The suffering brought down upon the families of young men who sneak from their homes to fight a war abroad is unimaginable.
And now it is becoming clear that their stories have a major part to play in preventing any more impressionable young people from throwing their lives away. It is easy to see how it happens.
Disaffected and impressionable young men are easy targets upon which to impress radical views, turning well-meant but misguided intentions into something sinister for somebody else’s twisted ends.
The result is young men from Portsmouth leaving the country for places like Syria under the mistaken impression they are doing something honourable.
The group who left this city to go and fight for Isil using the nickname Britani Brigade Bangladeshi Bad Boys must have been enthused to join such a cause.
Now four of them are dead.
And any more young people who are tempted to follow in their footsteps should be under no illusion about what will happen.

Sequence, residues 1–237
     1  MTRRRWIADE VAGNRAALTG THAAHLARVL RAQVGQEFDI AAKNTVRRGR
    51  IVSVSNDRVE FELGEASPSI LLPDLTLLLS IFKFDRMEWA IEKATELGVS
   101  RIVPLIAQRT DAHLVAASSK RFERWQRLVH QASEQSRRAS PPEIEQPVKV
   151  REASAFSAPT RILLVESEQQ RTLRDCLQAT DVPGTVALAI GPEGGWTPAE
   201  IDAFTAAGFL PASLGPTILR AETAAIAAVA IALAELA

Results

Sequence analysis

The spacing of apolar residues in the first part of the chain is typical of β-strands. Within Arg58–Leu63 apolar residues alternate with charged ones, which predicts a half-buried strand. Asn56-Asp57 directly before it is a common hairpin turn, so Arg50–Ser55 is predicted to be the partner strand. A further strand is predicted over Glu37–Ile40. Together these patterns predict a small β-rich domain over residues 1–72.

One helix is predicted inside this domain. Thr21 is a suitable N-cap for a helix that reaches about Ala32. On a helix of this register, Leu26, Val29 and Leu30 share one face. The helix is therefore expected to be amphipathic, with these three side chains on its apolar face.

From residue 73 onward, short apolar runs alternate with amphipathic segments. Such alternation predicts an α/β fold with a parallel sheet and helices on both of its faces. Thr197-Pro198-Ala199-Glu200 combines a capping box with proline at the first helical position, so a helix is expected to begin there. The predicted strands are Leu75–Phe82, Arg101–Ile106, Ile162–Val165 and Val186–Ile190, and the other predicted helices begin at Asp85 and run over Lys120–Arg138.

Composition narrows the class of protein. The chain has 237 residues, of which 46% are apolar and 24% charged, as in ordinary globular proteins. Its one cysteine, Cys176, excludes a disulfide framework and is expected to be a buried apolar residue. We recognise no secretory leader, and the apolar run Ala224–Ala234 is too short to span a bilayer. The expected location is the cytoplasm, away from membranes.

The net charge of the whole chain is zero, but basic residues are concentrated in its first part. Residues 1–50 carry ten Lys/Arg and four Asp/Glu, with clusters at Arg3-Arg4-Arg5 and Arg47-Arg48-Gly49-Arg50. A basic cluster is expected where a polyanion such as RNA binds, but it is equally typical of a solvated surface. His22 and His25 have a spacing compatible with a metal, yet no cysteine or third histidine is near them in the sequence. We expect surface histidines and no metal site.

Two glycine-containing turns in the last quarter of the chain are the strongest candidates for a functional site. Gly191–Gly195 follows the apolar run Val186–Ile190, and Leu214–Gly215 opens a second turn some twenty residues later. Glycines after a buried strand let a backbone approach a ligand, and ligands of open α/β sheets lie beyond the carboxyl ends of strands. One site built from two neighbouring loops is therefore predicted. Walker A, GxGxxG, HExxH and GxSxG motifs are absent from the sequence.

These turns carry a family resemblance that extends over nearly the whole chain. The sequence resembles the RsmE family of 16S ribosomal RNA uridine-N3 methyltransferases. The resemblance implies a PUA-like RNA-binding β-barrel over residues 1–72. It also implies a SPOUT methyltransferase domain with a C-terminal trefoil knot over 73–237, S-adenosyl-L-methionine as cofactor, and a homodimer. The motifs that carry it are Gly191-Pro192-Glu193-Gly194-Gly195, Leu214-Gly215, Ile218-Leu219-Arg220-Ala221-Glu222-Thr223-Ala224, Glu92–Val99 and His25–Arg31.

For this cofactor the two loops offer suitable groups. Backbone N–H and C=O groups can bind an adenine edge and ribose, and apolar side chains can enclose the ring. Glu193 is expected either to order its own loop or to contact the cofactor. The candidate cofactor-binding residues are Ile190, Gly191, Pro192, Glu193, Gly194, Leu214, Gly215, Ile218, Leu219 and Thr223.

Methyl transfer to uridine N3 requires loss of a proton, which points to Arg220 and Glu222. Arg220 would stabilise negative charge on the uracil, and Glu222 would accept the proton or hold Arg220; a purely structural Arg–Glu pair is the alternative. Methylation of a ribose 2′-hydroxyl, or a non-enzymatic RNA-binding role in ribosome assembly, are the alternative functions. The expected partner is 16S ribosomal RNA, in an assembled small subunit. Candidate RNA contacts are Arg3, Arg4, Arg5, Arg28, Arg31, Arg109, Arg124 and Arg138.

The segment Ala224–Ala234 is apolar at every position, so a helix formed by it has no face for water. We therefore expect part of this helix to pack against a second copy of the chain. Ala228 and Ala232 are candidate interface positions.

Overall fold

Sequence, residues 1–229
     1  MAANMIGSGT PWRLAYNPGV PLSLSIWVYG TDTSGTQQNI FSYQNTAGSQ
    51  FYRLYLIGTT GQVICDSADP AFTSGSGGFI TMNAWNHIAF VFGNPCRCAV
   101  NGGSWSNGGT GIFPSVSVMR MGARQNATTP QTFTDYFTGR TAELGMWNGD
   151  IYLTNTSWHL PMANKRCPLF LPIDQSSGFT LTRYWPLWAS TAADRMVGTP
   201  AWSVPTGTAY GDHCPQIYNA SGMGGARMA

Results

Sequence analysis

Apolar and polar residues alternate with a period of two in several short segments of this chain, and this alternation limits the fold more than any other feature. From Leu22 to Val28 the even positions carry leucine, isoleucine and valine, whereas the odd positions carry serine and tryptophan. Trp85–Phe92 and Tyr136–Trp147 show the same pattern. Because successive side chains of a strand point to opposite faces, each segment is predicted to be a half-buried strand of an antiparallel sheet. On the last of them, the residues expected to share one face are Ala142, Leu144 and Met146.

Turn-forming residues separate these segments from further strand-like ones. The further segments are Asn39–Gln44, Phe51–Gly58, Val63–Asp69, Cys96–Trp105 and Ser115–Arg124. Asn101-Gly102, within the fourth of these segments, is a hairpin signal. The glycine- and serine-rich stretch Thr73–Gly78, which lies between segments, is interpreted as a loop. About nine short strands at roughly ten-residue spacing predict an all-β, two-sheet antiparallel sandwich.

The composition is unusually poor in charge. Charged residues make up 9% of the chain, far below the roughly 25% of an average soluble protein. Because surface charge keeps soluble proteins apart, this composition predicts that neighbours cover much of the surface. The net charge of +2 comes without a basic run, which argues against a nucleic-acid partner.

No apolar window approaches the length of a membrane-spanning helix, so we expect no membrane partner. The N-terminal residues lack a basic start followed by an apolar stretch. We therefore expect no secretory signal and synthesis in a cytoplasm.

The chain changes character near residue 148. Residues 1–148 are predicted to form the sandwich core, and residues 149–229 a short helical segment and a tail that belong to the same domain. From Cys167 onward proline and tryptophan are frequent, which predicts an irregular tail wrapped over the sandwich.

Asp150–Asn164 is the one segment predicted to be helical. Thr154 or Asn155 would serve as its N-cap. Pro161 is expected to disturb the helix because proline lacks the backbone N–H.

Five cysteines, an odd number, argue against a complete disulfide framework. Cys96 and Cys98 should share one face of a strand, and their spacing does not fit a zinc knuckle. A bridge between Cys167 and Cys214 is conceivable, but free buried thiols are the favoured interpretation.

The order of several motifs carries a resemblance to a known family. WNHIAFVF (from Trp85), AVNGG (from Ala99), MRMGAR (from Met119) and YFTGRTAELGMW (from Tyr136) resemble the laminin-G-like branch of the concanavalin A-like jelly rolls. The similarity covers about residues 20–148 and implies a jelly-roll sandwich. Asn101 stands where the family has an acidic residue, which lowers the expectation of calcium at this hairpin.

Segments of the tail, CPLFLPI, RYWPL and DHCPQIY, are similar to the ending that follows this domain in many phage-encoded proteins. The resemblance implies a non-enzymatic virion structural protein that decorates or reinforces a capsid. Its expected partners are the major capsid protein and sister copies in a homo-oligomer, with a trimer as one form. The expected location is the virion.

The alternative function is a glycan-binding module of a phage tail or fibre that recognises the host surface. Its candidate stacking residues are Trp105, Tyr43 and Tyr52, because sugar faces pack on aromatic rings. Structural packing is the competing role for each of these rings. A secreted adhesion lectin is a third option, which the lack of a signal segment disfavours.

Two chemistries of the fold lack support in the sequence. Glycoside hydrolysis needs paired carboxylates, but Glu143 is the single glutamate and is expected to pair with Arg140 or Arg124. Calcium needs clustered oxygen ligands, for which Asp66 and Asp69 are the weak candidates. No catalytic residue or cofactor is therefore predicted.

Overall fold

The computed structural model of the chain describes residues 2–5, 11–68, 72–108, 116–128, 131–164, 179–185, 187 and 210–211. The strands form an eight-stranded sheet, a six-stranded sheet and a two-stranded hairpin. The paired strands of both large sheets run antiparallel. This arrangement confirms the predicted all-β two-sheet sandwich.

Attempts to radicalise young Muslims will not stop, and neither should the efforts of the government and our community in trying to get the message across that going to fight abroad is not some glorious and noble mission.
It is good to hear from home secretary Theresa May today that the government is doing its best to prevent this from happening.
But she is right that much of the work needs to come from our communities – with local families who have seen relatives joining Isil speaking out about the terrible consequences.
And we are pleased to discover that a series of events will be taking place later this month to reach out to those most vulnerable.
It will help to put many minds at rest and surely make in-roads to deliver the message that there is a terrible price to pay for extremist activity.
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